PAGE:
WOTR’s COVID-19 Rapid Response


June, 2020

WOTR’s COVID-19 Rapid Response

(Based on data gathered up to May 30)

Upscaling COVID-19 relief measures in rural areas will ensure that the deadly virus is stopped in its tracks before it further ravages the rural economy largely dependent on agriculture


A village-level meeting in progress in Kinteda village, Rayagada district, Odisha

As the scale of COVID-19 spread becomes more and more apparent in our major urban centres, the state of affairs in rural India is yet to unravel. At the moment, rural pockets remain more or less insulated from the grip of the pandemic.

COVID-19 has claimed over 7,000 lives in the country and at least 250,000 people are infected by the disease. Globally, 6.8 million individuals have tested positive and 400,000 have succumbed.

Poor infrastructure and a failing economy have already shattered the lives of millions. It is in these times that WOTR’s work assumes greater importance. 

In a largely agriculture-dependent economy, with a labour force that sustain farm activities now in a fix, it is critical that all that is crucial is done and provided for — to facilitate and revive the vital linkages and networks that hold the agricultural cycle together and to restore rural community life back to normal. Especially when the kharif season is around the corner.



Distribution of essentials at Gangapur block of Aurangabad district, Maharashtra

With fully operational and staffed regional centres in seven states – Maharashtra, Madhya Pradesh, Telangana, Odisha, Jharkhand, Chhattisgarh and Rajasthan – WOTR is better informed and prepared to tackle the fallout of the pandemic in its project areas.


Distribution of grocery kits in Chhattisgarh

WOTR has been actively supporting communities on the ground since the deadly outbreak. According to data gathered until May 30, we have reached out to 123,203 households in 646 villages of 25 districts in seven states. Out of this 423 villages and 96,454 households are in Maharashtra.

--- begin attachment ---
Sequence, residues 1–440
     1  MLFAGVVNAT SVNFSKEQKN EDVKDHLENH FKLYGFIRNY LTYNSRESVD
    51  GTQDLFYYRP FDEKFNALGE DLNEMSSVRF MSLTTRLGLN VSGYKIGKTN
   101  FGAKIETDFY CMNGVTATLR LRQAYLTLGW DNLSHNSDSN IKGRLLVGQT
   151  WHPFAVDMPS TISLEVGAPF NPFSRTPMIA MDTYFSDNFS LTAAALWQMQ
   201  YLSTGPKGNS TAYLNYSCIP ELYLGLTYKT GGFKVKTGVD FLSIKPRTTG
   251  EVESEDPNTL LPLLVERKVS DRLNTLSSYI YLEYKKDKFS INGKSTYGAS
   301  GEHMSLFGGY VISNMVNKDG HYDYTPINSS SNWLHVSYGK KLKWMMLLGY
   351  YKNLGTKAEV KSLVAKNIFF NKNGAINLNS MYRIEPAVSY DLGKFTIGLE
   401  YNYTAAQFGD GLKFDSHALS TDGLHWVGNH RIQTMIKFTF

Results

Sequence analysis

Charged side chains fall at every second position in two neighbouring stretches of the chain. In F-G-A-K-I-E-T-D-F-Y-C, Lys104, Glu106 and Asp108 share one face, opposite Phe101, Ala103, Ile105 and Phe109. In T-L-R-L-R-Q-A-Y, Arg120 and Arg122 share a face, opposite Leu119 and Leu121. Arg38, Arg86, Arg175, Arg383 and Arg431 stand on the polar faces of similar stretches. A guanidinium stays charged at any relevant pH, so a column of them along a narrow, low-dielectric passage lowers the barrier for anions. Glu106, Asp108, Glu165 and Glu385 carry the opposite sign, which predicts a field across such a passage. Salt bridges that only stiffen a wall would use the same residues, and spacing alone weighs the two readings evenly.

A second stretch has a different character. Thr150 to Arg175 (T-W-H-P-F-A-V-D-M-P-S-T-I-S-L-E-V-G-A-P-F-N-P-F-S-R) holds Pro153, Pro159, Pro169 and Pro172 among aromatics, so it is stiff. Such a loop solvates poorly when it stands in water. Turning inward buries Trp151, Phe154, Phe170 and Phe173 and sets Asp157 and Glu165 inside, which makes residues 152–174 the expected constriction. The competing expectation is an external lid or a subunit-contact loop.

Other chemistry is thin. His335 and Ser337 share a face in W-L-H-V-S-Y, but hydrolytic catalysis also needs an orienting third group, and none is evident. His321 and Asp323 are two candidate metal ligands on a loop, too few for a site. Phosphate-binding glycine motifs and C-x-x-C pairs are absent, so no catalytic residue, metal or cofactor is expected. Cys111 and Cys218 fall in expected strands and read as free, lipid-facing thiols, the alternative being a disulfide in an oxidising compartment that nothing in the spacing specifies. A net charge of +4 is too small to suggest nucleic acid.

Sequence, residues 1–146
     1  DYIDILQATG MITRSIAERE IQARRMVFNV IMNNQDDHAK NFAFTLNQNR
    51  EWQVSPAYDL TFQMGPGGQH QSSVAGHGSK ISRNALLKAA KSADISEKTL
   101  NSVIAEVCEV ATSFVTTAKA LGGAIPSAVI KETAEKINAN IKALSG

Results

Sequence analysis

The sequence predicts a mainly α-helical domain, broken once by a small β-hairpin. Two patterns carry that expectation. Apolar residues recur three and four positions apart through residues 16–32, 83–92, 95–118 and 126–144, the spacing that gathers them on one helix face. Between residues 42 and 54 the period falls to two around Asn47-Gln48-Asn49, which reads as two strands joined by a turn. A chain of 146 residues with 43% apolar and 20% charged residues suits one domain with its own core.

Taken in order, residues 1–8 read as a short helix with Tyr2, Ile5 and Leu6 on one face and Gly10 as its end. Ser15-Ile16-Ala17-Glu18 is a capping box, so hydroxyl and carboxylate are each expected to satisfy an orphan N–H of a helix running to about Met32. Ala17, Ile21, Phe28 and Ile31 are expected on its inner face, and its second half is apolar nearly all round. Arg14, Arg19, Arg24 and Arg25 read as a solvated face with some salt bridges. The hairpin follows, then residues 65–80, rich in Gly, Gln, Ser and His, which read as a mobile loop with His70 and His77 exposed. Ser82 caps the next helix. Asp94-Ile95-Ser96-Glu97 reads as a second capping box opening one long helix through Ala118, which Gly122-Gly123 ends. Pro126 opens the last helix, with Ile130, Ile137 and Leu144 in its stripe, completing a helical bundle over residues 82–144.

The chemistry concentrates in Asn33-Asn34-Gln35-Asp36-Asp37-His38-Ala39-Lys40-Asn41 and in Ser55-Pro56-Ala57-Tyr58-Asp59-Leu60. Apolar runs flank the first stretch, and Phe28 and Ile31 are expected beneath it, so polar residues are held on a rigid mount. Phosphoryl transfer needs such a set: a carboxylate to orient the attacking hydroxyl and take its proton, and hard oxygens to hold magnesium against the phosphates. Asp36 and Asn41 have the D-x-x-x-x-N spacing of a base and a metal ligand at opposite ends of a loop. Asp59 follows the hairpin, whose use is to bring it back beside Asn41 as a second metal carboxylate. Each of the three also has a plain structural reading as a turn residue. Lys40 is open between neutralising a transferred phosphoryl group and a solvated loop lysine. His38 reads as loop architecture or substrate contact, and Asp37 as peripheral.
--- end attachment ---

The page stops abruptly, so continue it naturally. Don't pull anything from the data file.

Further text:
Communications / Awareness

In times of fake news, rapidly spreading rumours and digital echo chambers that may lead unsuspecting folk astray, providing accurate information based on facts to the rural communities is one among WOTR’s primary focus areas. Even in the international context, new uncertainties about the nature of COVID-19 keep surfacing by the day, spreading confusion and fear. That is precisely why WOTR is ensuring that villagers stay informed about COVID-19.


A Village Development Committee  meeting in progress at Udap Garjang village, Odisha, held by Wasundhara Sevika Geeta Raitaa and Wasundhara Sevak Prem Sabar

WOTR has conducted 2,196 awareness sessions impacting 153,862 individuals up until May 30. 17 training sessions saw 1,039 participants of which 408 were women. 216 gram panchayat members, 364 Village Development/Health Committee members, 141 SHG members, 110 community members, 180 Wasundhara Sevikas/Sevaks and 28 government officers attended these training sessions.

Employment / Livelihood

In these uncertain times, as far as WOTR is concerned, one thing is certain – providing employment in project villages, so that rural life goes on as normal as it was pre-COVID-19.

Migrant worker

Stone bund work at Katakhali village in Ganjam district of Odisha

WOTR along with MNREGA created 238,540 labour days, employing 13,154 labourers. The labourers are involved in soil and water conservation, and irrigation activities. Since April 1, 10,006 families have benefitted from labour so far. We have spent Rs 1.92 cr and Rs 2.33 cr through MNREGA since April 1 in wages.

Migrant returnees

The return of the migrant population to their native villages is unprecedented in its sheer scale – many of them walking for days on end to reach home. Famished and impoverished they reach their villages hoping to make ends meet and start anew.

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A well construction work in progress at Gunupur cluster in Odisha

As of May 30, 18,127 returning migrants have arrived in WOTR’s project villages of which 5,095 are in quarantine. We have provided support for 923 migrant returnees as of May 30.

Distribution of essentials

Access to supply of essentials remains a challenge for people living in villages whose lives were upended by the lockdown. Migrant workers, daily wagers, children and women – those already living in poverty are the worst affected and face greater risk.


Sewing and distribution of protective face masks in Odisha

WOTR has been distributing essentials such as grocery kits, sanitary kits and protective face masks at the village-level. 311 tailors made 79,122 face masks. 96,537 individuals received face masks.

‘Grateful to WOTR’: Somi Bai from Seoni, MP